Social Security – Early, Full or Late Retirement
Decisions About Social Security
It seems like such a simple question. When can I start taking Social Security?
And the related question. When should I take Social Security?
There are a number of factors to consider, and circumstances can vary dramatically. The timing for each individual will impact income for the rest of their lives, so it’s not a question to be brushed aside.
At a high level view, we basically have the following 3 options:
- Early Retirement
- Full Retirement
- Late Retirement
Here’s an overview of each of the options:
The earliest anyone can begin Social Security retirement is at the age of 62. If this is your choice, be aware that your retirement benefit will be reduced. How much you ask? It depends on your birth year. Click here for a table from the Social Security Administration illustrating different birth ages and the reduction in benefits at age 62. Notice your benefits are reduced and also spousal benefits are reduced.
The difference in income can be significant. Using a $1,000 retirement as an example for someone born in 1960, the SSA website shows their income would be reduced to $700, and the spousal benefit of $500 would be reduced to $325. In this example Full Retirement Age benefit would be reduced from a combined $1,500 to $1,025 about a 31% reduction. There can be good reasons for taking early retirement; it’s also good to understand the impact.
So, exactly when is Full Retirement Age? Again, it depends on the year you were born. Here’s another table from the Social Security Administration showing Full Retirement Age. It basically ranges from 65 to the current maximum of 67 years of age. This site has some nice graphs illustrating Full Retirement Age and also Benefit Payment as a percent of Full Benefit by age and birth year. Here’s an interesting quote from the site just referenced, “The adjustment will not be fair for people who expect––based on family history, say––to die earlier or later than actuarial tables indicate.”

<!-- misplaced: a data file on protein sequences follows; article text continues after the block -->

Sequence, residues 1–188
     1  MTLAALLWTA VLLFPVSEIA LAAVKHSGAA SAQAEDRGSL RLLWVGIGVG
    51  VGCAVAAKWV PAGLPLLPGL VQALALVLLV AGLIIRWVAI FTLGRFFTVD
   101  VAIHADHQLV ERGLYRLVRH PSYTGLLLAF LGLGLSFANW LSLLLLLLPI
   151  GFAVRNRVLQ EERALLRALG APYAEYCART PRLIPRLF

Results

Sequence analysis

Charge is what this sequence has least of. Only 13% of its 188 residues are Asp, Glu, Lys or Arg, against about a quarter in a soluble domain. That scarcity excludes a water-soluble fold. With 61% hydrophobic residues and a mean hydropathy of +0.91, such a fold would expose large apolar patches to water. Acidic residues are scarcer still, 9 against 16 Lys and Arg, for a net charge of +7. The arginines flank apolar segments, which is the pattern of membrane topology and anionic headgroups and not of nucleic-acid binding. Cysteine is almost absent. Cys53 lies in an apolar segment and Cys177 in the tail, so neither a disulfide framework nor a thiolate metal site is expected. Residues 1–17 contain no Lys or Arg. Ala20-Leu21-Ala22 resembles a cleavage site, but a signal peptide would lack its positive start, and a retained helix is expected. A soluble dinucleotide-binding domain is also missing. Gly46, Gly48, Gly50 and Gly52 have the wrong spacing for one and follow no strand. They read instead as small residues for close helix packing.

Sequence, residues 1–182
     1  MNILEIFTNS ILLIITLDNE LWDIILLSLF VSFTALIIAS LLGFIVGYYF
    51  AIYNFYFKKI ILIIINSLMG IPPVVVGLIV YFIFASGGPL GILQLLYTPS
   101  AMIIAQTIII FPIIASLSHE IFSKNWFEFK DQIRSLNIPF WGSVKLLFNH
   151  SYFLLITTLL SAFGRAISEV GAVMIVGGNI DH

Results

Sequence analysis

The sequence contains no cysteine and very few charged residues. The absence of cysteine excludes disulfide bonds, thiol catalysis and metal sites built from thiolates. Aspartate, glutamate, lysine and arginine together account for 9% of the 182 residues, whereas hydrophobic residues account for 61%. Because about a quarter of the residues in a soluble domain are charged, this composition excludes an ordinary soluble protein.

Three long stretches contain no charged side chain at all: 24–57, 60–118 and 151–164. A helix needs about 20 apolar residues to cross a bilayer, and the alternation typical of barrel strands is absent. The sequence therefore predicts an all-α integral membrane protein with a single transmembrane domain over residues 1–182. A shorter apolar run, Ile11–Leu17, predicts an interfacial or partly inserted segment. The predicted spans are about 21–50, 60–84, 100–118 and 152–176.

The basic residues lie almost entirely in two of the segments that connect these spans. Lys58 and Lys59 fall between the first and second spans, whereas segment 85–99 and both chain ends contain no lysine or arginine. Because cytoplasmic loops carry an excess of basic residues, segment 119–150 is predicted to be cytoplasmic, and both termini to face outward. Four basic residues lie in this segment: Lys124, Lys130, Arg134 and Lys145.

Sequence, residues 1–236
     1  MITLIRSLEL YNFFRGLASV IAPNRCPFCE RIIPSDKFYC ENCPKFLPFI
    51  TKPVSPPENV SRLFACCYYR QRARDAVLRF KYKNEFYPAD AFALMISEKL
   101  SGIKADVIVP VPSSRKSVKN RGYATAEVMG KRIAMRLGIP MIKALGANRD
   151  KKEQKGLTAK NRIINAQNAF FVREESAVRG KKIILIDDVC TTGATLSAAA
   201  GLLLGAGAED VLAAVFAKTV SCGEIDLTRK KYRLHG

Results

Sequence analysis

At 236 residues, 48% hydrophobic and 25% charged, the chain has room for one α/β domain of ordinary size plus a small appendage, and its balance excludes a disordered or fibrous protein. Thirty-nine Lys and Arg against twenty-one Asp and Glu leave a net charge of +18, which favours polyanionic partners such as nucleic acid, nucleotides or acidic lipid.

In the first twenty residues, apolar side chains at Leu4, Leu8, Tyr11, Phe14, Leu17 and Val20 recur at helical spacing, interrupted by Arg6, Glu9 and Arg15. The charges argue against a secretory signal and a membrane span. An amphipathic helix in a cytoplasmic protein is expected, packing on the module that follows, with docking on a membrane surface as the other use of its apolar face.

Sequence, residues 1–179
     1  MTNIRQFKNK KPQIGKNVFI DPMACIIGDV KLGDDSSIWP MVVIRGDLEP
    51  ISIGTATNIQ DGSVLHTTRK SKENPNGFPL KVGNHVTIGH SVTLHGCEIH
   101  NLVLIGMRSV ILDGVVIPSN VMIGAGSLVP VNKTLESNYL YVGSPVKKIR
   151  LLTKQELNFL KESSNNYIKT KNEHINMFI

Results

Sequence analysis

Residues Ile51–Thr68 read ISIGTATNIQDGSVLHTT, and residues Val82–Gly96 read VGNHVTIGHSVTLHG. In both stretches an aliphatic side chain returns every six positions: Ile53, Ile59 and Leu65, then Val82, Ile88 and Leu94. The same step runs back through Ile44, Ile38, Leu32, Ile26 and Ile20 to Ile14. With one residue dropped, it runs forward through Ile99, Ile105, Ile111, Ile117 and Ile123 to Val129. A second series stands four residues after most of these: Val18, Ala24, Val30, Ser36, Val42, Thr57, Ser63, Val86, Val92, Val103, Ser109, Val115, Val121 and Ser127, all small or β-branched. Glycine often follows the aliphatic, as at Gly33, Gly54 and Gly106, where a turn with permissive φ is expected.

Mortality Tables are Actuarial Tables indicating life expectancy and the probability of death as a function of age, sex, occupation and so forth. These are essentially averages and the problem is that we are individuals, not averages. But what if you like working and want to delay retirement? Or expect to live longer than average? In that case you might want to consider . . .
Again we turn the SSA website where we can see the effect of waiting past Full Retirement Age. If you wait until the age of 70, you will receive the largest benefit. Those that were born in 1943 or later, and wait until 70 to begin Social Security, will receive an 8% credit per year. (This amount no longer increases after the age of 70)
Using the calculator on the SSA website, we can see the effect of someone born in 1960 from early to late retirement. Early retirement at 62 means their benefit is reduced to 70.4% of their Primary Insurance Amount, and waiting until 70 means they receive 124% of their PIA. It’s a significant swing, and it affects spousal benefits as well.
The Bottom Line
In our introduction to this series of articles, we highlighted the fact these decisions will literally affect the rest of your life. The Social Security Administration says, “As a general rule, early or late retirement will give you about the same total Social Security benefits over your lifetime.”
On average that is true, but as we pointed out, we are individuals, not averages.
In conclusion, there are many factors that will affect your individual decision about when to take Social Security. In our next article, we will consider the implications of What Happens If You Take Social Security Sooner . . . or Later?